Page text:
Category Archives: Education

Black and White Thinking

Reference: Self-Learning

There is no absolute black, or absolute white. Between black and white there exists a gradient scale of gray.

When we look at the duality of HOT-COLD, it is best viewed as a temperature scale which refers to temperature changing in infinitesimal gradients. At one end of this scale the temperature may be viewed as gradually getting hotter. At the other end of the same scale the temperature may be viewed as gradually getting cooler.

The mathematical duality of infinite-zero is applied to the idea od something and nothing. Infinity is not a number but it represents continuously increasing quantities that are very large. Similarly, zero is not a number but it represents continuously decreasing quantities that are very small.

The “zero” on a scale simply represent an arbitrary reference point called “origin”.

On this mathematical scale of numbers, the integers may appear to be discrete, but between two integers we have fractions, and between two fractions we have irrational numbers. So, the mathematical scale of numbers is really a continuum without any gaps even at the infinitesimal level.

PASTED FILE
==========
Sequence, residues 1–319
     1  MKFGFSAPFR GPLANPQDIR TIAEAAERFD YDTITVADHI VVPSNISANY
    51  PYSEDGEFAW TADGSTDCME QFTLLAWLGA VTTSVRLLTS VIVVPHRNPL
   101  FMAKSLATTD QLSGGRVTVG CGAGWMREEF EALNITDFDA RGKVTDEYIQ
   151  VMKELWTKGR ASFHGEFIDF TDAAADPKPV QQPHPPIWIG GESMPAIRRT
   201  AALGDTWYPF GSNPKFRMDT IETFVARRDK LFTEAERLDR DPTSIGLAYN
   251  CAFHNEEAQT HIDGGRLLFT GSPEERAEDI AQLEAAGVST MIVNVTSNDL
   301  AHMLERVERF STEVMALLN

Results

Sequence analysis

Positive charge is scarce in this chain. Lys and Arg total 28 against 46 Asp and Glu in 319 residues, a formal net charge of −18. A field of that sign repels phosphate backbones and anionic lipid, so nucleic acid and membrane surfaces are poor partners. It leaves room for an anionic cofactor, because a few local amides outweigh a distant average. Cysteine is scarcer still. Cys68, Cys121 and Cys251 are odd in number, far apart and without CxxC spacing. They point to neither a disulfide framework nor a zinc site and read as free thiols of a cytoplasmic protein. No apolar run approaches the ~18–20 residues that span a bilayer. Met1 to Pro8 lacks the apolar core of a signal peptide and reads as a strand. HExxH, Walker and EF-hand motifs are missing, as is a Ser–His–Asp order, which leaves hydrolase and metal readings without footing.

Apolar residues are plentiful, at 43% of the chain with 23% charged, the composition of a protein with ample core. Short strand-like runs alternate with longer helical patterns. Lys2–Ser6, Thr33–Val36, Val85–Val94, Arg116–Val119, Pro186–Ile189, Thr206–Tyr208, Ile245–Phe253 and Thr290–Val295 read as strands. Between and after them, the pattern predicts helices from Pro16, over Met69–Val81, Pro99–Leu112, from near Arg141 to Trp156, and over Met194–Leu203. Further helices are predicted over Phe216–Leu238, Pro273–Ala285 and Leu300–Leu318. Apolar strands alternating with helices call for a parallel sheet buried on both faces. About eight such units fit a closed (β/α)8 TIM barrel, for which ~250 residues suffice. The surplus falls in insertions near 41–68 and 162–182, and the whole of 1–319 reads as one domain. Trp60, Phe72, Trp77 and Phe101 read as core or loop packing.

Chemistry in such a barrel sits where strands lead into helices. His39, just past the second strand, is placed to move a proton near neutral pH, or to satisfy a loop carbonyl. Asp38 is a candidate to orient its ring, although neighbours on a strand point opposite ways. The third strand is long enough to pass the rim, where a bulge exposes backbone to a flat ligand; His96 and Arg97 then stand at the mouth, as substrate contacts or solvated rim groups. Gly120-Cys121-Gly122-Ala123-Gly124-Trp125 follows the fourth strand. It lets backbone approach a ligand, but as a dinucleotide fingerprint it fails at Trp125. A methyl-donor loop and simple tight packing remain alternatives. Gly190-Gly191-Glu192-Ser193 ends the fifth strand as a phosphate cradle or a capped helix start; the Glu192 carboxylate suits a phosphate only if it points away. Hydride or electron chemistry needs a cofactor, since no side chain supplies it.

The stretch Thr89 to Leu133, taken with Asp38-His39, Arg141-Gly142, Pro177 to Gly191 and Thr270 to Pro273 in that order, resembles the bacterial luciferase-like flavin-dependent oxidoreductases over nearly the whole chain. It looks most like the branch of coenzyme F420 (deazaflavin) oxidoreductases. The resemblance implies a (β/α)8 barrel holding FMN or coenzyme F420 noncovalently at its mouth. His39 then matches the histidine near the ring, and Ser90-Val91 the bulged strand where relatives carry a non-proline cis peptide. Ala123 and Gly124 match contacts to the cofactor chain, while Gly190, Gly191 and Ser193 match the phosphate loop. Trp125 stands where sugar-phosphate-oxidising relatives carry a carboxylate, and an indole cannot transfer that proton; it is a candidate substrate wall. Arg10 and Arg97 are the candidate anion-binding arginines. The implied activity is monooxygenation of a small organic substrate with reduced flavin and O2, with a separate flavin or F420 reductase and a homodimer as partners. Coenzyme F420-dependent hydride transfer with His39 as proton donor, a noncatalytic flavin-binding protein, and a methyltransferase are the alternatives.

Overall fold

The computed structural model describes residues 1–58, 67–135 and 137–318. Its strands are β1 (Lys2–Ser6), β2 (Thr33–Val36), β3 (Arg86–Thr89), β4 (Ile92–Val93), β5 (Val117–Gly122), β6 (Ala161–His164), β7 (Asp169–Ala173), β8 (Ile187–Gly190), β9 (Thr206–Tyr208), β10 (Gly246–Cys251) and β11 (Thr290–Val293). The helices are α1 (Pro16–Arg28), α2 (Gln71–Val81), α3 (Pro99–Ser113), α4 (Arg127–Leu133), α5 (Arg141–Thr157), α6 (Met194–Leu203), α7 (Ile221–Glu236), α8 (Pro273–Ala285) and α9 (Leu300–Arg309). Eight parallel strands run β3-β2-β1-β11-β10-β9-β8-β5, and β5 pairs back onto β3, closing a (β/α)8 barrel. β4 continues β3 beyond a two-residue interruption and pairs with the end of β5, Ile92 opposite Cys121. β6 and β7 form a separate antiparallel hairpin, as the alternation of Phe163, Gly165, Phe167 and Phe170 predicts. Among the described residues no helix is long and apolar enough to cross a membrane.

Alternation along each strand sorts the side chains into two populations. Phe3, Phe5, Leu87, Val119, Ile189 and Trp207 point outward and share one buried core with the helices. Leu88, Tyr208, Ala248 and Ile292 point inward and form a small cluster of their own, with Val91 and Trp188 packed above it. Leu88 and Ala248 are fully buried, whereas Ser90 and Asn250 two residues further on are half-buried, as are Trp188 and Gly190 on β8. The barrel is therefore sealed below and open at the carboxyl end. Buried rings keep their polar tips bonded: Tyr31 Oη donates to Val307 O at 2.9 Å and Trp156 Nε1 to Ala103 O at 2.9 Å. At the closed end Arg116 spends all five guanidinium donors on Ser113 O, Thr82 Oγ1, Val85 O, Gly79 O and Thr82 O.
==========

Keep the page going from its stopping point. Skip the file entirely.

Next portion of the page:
In reality there is a single scale with two ends that extend endlessly on either side.

Any duality like Good-Evil, Right-Wrong, True-False, I am-I am not is, therefore, a continuum of infinitesimally varying values with no gaps in between anywhere. Dualism looks at these dualities as having a wide gap between two opposite ideas. Non-dualism looks at the two opposite ideas as just an illusion. But both these considerations are fixations in the mind.

The fixation of dualism and non-dualism are alike the result of black and white thinking. The truth is that there is a gradient scale that extends endlessly in either direction. This realization settles the confusion between dualism and non-dualism.

The black and white thinking may be looked upon as the result of fixations in the mind.




1. The Future of Education

2. Continuing the Research

3Self-Learning Clinics

4. Abstract Thinking

5. Black and White Thinking

6: The Discipline of Mindfulness